What we call the ‘Old Testament’, consisting of the Law, the Prophets and the Writings is the foundational Scripture of Judaism. It is also the foundational Scripture of Christianity. As Jerusalem was sacked in 70 AD the Temple of the LORD was destroyed and the means and place vanished where Jews could have upheld the sacrifices prescribed in the Law, the five books of Moses. Out of this Rabbinic Judaism developed with the Mishnah (Oral Law) and the Talmud as a commentary and explanation of what was laid out in the OT.
Temple Judaism could not be practised in the absence of the Temple. True, this started before the Temple was destroyed by worship and Bible reading in local synagogues. The first Christians were Jews from the Galilee who, just like everyone else, met in these synagogues. However, there was never such a desperate need for revising theological principles as after 70 AD, something that was started at Yavne.
What was to become the New Testament is also a commentary and explanation of the OT in a similar way. The former out of necessity as the Temple was no more, the latter out of belief that the Messiah of the OT finally had come and fulfilled what He had promised. For these the Temple had played its role and was needed no more. Christ had been the ultimate sacrifice.
Let us label these two streaks of continued OT-religion as Israelite faith 1 (Rabbinic Judaism) and Israelite Faith 2 (Christianity). Terminology sometimes plays tricks with our minds. It is often perceived that present day rabbinic Judaism equals the faith of the OT, and that Christianity broke out as a sect, like many before and after. This is simply not the case. As seen by the above, OT-religion was forced to pick a route at the cross-roads in the first century – two main ways resulted, and let us call them as above to keep our mind free from bias: Israelite Faith 1 and Israelite Faith 2.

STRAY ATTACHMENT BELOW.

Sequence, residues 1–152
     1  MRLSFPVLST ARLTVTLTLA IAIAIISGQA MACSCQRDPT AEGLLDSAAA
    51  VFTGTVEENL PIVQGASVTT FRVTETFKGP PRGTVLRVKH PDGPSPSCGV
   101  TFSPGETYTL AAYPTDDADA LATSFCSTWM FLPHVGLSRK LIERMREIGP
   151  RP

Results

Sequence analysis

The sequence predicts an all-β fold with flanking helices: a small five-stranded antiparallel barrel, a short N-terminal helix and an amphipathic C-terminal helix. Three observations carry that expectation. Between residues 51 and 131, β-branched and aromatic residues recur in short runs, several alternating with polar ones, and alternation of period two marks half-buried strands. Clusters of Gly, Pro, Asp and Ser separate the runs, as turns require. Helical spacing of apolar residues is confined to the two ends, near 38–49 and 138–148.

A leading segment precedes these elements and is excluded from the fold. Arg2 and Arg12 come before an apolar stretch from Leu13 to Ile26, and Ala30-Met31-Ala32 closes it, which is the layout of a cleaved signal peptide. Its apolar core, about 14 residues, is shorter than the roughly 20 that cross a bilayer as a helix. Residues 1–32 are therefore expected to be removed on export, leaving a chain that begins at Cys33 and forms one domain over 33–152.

So, from a secular historical pint-of-view, these are the two ways of ‘dealing’ with the crisis of the destruction of the Temple. As has been indicated, circumstances speak favourably for Israelite Faith 2 since it chose route some decades before it would have been forced to, as opposed to Israelite Faith 1 which was left no other choice.
Maybe it was not so much a turn at the cross-roads that Israelite Faith 2 took, in the first half of the first century, but rather continued in the curve along the intended path, fulfilling OT-religion.
Maybe Israelite Faith 1 continued straight not taking heed of the curve, and ended up at the cross-roads in 70 AD.
Thus, viewing the coming into existence of the NT as the natural, God-intended continuation of the OT rather than some random off-shoot from OT orthodoxy (divinely inspired or not) restores the dignity rightly due to the OT.
And what is more, it makes sense of the NT.